Photos of Ai Weiwei’s latest work, a response to China’s baby milk scandal


(Tyrone Siu/REUTERS)

Chinese artist Ai Weiwei has unveiled his newest piece in Hong Kong a work composed of 1,800 large tins of milk powder, arranged into a map of China. Each province is marked off by a different brand of milk.

The work is a response to China's 2008 baby milk scandal, in which Chinese-made milk, tainted by the industrial chemical melamine, killed at least six infants and sickened 300,000 others, in many cases causing kidney damage. State media and government officials at first played down the scandal, responding only after widespread Chinese outrage and an international response compelled them to act.

China has not fully recovered from the controversy, in which Hong Kong still plays a special role. The semi-autonomous city-state is more affluent and has access to higher-quality baby milk produced abroad, which has become highly sought by mainland Chinese parents worried about their children's health. Authorities have restricted the amount of baby formula that can be transferred from Hong Kong into the mainland's tightly controlled economy, leading many parents to smuggle it in illegally.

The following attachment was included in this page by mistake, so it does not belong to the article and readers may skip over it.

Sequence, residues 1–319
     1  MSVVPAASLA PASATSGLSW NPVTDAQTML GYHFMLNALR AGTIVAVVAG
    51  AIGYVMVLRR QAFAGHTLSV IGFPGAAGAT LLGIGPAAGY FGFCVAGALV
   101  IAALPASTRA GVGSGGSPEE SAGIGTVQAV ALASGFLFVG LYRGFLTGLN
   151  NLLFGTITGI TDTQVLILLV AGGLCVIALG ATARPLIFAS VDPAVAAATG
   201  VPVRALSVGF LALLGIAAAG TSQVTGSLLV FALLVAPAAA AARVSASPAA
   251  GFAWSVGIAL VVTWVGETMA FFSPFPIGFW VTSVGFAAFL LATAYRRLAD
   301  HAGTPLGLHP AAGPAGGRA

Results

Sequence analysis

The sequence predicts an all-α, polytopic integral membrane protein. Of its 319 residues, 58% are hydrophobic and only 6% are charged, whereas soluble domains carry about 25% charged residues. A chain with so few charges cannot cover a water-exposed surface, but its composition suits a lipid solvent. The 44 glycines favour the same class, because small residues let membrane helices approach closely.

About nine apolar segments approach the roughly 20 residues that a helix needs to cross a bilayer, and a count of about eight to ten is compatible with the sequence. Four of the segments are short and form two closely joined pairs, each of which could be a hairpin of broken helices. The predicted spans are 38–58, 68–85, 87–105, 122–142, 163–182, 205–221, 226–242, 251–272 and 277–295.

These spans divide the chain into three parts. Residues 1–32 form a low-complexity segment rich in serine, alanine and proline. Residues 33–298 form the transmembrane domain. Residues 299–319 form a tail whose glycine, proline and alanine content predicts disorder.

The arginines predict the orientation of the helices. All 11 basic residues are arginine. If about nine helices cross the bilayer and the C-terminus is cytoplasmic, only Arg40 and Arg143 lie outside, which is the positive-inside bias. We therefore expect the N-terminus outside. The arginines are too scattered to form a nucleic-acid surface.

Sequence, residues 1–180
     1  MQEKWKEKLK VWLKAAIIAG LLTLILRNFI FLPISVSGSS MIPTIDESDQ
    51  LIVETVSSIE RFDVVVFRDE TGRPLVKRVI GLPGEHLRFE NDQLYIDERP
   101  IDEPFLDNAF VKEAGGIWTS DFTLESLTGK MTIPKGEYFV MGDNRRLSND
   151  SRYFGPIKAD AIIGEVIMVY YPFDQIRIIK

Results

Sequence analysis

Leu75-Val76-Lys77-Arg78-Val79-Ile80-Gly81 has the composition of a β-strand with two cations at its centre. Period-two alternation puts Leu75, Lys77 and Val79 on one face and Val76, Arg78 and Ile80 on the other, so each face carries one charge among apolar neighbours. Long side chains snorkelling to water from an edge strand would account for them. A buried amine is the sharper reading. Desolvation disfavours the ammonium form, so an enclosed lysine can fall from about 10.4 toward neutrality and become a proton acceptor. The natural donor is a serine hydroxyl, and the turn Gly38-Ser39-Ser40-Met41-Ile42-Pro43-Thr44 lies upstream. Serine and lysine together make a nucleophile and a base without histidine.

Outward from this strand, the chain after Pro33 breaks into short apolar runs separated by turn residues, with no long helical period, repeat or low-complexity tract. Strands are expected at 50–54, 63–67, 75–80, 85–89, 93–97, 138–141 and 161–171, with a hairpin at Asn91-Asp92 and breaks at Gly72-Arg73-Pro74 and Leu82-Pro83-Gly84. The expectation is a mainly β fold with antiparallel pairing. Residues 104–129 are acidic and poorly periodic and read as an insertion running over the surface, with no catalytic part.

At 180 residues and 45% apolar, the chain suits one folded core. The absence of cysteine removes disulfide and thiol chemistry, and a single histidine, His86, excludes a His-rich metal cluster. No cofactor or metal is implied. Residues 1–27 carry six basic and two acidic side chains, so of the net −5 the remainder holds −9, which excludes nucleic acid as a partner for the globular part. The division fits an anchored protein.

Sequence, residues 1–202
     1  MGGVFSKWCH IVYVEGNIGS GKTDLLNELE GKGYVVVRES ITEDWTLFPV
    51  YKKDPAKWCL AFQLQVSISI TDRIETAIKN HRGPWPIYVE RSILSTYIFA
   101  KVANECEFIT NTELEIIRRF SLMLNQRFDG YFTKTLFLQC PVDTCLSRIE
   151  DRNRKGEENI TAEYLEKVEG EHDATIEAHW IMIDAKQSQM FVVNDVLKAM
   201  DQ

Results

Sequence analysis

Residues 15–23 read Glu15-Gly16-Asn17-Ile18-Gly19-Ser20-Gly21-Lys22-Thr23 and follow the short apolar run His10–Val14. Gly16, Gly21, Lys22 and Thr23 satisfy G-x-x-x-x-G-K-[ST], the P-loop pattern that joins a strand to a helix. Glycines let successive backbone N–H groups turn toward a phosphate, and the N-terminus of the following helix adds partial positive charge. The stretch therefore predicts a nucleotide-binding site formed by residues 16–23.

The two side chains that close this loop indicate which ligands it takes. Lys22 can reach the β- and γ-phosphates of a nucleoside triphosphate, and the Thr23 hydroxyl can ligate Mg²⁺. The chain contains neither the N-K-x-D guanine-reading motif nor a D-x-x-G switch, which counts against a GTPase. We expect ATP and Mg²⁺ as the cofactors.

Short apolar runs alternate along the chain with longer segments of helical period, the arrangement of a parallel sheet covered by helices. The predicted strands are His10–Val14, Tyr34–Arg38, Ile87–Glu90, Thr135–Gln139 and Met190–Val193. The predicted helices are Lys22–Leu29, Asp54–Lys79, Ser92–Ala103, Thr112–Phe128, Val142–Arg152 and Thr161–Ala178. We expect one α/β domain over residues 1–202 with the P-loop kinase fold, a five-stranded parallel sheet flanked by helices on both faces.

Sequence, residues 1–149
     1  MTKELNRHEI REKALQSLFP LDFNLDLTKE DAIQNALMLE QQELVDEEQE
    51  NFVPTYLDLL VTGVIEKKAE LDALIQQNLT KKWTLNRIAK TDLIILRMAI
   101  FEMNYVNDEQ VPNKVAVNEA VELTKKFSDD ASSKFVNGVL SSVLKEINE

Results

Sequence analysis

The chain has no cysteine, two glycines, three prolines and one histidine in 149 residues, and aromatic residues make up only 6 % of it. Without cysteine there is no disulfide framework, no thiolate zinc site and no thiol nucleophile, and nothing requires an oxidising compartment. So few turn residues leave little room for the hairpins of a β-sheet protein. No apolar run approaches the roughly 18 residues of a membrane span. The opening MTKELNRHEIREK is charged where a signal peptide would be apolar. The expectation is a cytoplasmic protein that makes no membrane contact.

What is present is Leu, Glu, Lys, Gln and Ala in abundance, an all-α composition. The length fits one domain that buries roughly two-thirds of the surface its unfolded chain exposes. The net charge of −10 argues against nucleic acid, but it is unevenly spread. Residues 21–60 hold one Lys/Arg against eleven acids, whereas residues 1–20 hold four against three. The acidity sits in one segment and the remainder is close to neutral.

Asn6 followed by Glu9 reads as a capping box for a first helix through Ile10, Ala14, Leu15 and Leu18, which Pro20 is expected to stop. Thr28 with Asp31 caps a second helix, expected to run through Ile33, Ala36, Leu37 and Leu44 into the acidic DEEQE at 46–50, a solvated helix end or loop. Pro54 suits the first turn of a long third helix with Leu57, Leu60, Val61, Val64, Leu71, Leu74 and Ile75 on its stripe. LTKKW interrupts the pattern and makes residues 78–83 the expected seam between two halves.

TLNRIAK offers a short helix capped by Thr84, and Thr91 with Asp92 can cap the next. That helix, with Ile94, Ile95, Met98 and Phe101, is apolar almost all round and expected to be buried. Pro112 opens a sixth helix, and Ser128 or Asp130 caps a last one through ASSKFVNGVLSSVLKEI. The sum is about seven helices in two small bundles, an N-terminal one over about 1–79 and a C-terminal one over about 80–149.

Ai's work often focuses on China, its changes and its struggles. Maps of the country are a common motif in his work, a way of commenting on the state of the nation. This piece, with Chinese provinces divided by their brand of baby milk but united by this product consumed by all families, suggests themes of both unity and division. Perhaps Ai is hinting at the class and political divisions (hard to miss that Taiwan is included) exposed in the scandal and its aftermath, in which some Chinese parents have access to foreign-made baby formula and others don't.

"A country like this can put a satellite into space, but it can't put a safe bottle teat into a child's mouth. I think it's extremely absurd," Ai told Reuters. "This is a most fundamental assurance of food, but people actually have to go to another region to obtain this kind of thing. I think it's a totally absurd phenomenon. ... I have heard of drug trafficking before, but when a country has milk-powder smuggling instead of drug smuggling, I think this is a devastating sign."

Here are some more photos of the work on display in Hong Kong:


(Tyrone Siu/REUTERS)

(Tyrone Siu/REUTERS)

(Philippe Lopez/AFP)

(Kin Cheung/AP)

(Kin Cheung/AP)

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Max Ehrenfreund · May 17, 2013